When I first saw a positive pregnancy test, I didn't think it was really happening. I was preparing for a virtual panel that morning and my period was two weeks late. I assumed my typically strenuous cycling routine had merely interrupted my cycle. I'd started taking monthly pregnancy tests just so my husband and I could keep a close eye on our fertility journey, so I peed in a cup like I'd been doing for months and scrolled Instagram while waiting for the results. When I saw the positive, I convinced myself it was wrong.
I rushed over to Walgreens to buy another test and it gave me the same answer: I was pregnant! I started freaking out and waited for my husband to wake up. I was dressed for my panel and ready to go on camera in five minutes when he opened his eyes. I told him, “Hey, you're going to be a dad!” and went off to speak about my work. That was such an exciting morning.
On navigating pregnancy anxiety, COVID-19, and loneliness.
Pregnancy during a pandemic (especially after a previous loss) comes with a lot of anxiety. For the first couple months, I was afraid that I'd see blood on my underwear any time I went to the bathroom. In the mornings, I'd think, “Is this going to be the day when something goes wrong?” I navigated my trauma with a lot of fear and not much information, but as my pregnancy progressed and I learned more about miscarriage, I started to feel more secure.
On top of that fear, being isolated and pregnant during COVID-19 is challenging. For the first six and a half months of my pregnancy, I was very sick — vomiting 3-4 times a day, every day. My severe nausea was making me lose weight, and I felt like I was already a horrible mother for not providing my baby with all their necessary nutrients. And now I had to add loneliness to the mix. My husband and I are very lucky to be able to safely work from home, but I miss the rest of my family in other states. I can get very depressed thinking about our separation, and about the many pregnant women who have lost their lives to COVID. Now that my husband and I are focusing on preparing our home for our child, I feel a bit better. Therapy also helped a lot — I would not be able to get through pregnancy and a pandemic without having a therapist I trust.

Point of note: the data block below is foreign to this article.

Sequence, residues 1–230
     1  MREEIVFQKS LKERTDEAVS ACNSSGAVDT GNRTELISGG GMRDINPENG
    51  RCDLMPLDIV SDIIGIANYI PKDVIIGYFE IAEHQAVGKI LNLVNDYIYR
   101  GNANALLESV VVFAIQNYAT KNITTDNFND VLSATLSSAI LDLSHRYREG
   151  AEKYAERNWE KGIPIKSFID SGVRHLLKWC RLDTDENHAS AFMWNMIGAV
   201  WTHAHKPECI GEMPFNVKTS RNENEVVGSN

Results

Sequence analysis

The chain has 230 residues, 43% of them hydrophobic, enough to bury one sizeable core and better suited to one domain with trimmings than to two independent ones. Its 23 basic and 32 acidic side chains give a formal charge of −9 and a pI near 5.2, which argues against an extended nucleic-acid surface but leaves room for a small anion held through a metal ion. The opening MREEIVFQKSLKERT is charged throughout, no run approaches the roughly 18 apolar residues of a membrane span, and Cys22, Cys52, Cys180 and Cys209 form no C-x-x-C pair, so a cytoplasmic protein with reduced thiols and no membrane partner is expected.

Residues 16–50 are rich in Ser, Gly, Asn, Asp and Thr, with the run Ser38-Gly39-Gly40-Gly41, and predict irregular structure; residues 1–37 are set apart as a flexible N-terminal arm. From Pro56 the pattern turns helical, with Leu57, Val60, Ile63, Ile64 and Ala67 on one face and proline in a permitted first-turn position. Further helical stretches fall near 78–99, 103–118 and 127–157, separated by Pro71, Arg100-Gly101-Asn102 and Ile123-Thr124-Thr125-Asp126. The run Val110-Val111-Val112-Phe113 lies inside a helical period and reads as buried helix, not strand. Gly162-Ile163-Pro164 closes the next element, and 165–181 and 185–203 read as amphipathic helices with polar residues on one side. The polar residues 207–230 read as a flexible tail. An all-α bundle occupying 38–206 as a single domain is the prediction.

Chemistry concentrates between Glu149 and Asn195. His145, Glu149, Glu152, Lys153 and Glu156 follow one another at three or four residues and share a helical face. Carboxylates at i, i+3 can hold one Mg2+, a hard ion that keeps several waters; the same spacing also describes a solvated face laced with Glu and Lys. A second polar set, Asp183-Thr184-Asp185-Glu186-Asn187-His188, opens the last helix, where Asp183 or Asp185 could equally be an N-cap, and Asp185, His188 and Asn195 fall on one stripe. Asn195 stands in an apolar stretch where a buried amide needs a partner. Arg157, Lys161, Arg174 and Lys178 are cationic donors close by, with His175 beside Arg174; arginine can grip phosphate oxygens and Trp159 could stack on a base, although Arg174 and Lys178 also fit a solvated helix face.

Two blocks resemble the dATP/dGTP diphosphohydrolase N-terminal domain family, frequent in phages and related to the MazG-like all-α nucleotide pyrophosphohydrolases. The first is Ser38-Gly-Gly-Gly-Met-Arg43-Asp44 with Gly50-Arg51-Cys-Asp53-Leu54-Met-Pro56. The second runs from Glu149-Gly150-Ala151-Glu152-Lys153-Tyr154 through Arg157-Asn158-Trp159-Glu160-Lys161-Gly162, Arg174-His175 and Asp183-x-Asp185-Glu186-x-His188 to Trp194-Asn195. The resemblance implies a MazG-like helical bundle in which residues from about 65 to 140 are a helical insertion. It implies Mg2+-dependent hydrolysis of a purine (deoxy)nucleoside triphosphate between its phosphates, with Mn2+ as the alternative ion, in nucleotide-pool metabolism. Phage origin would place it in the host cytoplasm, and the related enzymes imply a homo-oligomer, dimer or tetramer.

People called my pregnancy "irresponsible."
Once I started sharing news of my pregnancy on social media, I was met with numerous judgmental, hurtful comments. People called our pregnancy irresponsible, and asked how we could bring a child into the world during a pandemic. Their cruel words made me second-guess myself: Are my husband and I doing something wrong? Are we selfish people? But then I remembered that no one else knows your fertility story, and no one else can decide when you try to conceive. We deserve to celebrate our growing families, whenever they happen for us.
Sure, some comments were upsetting, but sharing my pregnancy with my followers has also deeply empowered me and my online community. I feel closer to so many people because they shared their own TTC stories with me. Women have told me about their difficulties conceiving or the challenging pregnancies they're currently experiencing, then mention that they felt like they didn't have anyone to talk to until I started speaking up.
By sharing all the Modern Fertility resources that have helped me, I've also helped demystify reproductive health for my community. I've gotten so many replies from people who now want to learn about their egg reserve and hormone levels. I know so many women who struggle to afford their groceries, let alone a voluntary appointment to learn about their reproductive system, and now they can access that information for far less with at-home tests. Sharing Modern Fertility and finding my support system have been such wonderful parts of my pregnancy.
What I want other pregnant people to know.
Be careful about advice you read on the internet. So much overwhelming misinformation is out there, and people claim to have figured out the exact formula that will allow you to have an easy pregnancy. But there is no such formula, and you don't have to feel like you're a broken person because your body is having a hard time. So, listen to your body, listen to science, extend grace to yourself, and consider therapy if that's an option for you. We're growing entire human beings, and we're doing the best we can.
Fertility could be top of mind or on the back burner for now — but it has the power to impact everything. We're sharing your stories to both celebrate and create space for the many ways we navigate our careers, relationships, and finances in relation to our reproductive health. If you have a story to share, get in touch.